Regent Tradition Conference

This past Saturday I headed back to Regent College for their Tradition Conference with guest speakers and Emeritus faculty Eugene Peterson and Bruce Waltke.

Here are the things of note (at least that I took down) that I thought were insightful. Also, I have some recordings of the sessions, they aren’t the best quality, but if you would like them, I could send them. This is a pretty long post, but I feel it is worth it. If you find any hypocrisy, it is probably in my poor summary, or maybe they are / I am just challenging your belief! ;)

Bruck Waltke spoke on money and what a few Proverbs had to say about that topic.

“Wise Advice About Smart Money”

We are in danger of living by the world’s proverbs and not God’s. We are called to live by God’s commands and the Proverbs can help illustrate how to live. Proverbs give a philosophy of living and behavior. Proverbs also tend to say more about money more than any other topic. We can exegete (and Waltke has here and here) proverbs will take on a deeper, more meaningful meaning instead of the usual “sound bite” interpretations. Proverbs can be read as a full collection and not just the individual sayings.

Chapter 10 has the first major unit and suggests that earthly treasures have no lasting value (even if they have some temporary value) but righteousness has true value. In proverbs, righteousness is defined as serving the community over yourself or even more specifically, disadvantaging yourself for the advantage of others. There is also a practical side in this section: money is needed to help people and that takes work. In our culture we want to make money quick and without having to work. Lazy hands make for poverty. Even though proverbs deals with practical situations, it is not meant to be reduced to a “how to” manual. It is a guide.

Let’s look at the dangers of money. The main danger is that money could supplant God. ANY situation that causes that is bad, regardless of what it is. Money has a way of making itself our God. God is that to which our heart clings - who or what is your God? God is that which gives us security and significance? Who or what gives you security and significance? For many people, security is in their portfolios and bank accounts. Significance is in their toys they have and carry around. Security will be found somewhere: power, manipulation, sex-appeal or even in teaching and lecturing.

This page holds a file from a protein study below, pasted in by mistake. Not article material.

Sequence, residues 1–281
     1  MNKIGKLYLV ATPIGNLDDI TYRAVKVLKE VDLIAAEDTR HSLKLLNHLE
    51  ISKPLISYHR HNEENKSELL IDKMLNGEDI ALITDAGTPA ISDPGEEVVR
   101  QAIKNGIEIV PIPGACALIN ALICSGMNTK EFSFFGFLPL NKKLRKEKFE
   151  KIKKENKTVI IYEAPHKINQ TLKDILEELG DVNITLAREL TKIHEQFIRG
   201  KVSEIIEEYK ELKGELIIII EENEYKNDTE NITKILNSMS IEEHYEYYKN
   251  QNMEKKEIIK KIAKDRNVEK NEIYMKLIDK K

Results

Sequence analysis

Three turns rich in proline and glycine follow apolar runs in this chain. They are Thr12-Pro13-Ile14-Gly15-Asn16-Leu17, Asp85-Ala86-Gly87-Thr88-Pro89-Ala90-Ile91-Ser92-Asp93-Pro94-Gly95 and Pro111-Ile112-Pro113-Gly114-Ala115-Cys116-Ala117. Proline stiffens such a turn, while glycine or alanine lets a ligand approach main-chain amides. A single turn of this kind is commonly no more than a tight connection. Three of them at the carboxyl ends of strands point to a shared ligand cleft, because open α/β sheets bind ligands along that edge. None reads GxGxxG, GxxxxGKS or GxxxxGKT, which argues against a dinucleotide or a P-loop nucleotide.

You can make more money without Jesus than with Jesus. How do you deal with that? A “rich” person in Proverbs is someone who lives autonomously, someone who trusts themselves. 28.11 says that they rich are deluded. But having wealth does not mean you are “rich”; it is the attitude that will make you “rich”. The “rich” are seduced by money. Christ disadvantages himself to give to us. He perfectly illustrated righteousness. If you live like that, you are trusting God for security, not money.

Proverbs also suggests that it is also dangerous to have too much money. In Agur’s prayer in chapter 30 he asks not to be rich or poor, but simply for his daily bread (cf. Matthew 6.7-13). having too much or too little can make a relationship with God more difficult (but not impossible). Security is not what is in your pocket, but who is in your heart.

Limitations of money should also be looked at. Money cannot save us from death but it can lead us to eternal death. Psalm 49 tells us that we all die and that those who trust in wealth will have eternal death. Righteousness will deliver us from death. Proverbs 3 tells us money cannot compare to wisdom. Money can provide the food and table, but not the fellowship around it. Money can provide a house, but not a home. In North American culture we have lots of food in our houses, but little fellowship.

While money can cause problems, there are also temporal and spiritual values to money. 22.7 suggests that money can give us security against slavery. In this discussion of slavery we can’t think of the African American experience, it was different in OT times. Kidnap slavery (like African American slavery was) was a capital offense but that is not what proverbs is referring to. Indentured slavery is the common form in those times. People who defaulted on their payments would become an indentured slave. They were treated generously. Regardless of that though, having money could still keep someone out of that type of servitude. Having money would also provide you with people who could work your fields and provide for your family. In modern times we don’t have slaves, but we have dishwashers, computers, and driers. These conveniences take money. It takes money to get an education. Money can help lead to an abundant life.

Aside from those temporal benefits of money, there are also spiritual benefits. While having wealth can mitigate a loss of relationship with God, the opposite is true as well. Band conscious alienates you from God and having too much or too little can cause this. Having too little money can cause someone to take advantage of welfare systems, to take advantage of others’ generosity. 14.20-21 tells us that the poor can be shunned from society. We don’t want to be around people who are completely dependant on us. But also take note that we can’t just stop reading there, the next proverb tells us that it is a sin to despite your neighbor and that blessed are those who are kind to the needy. Having money can also enable someone to be righteous - it can often be easier to help others if you have the means to help. The problem that arises is that when you gain more and more money, you become more and more involved with the things of this world.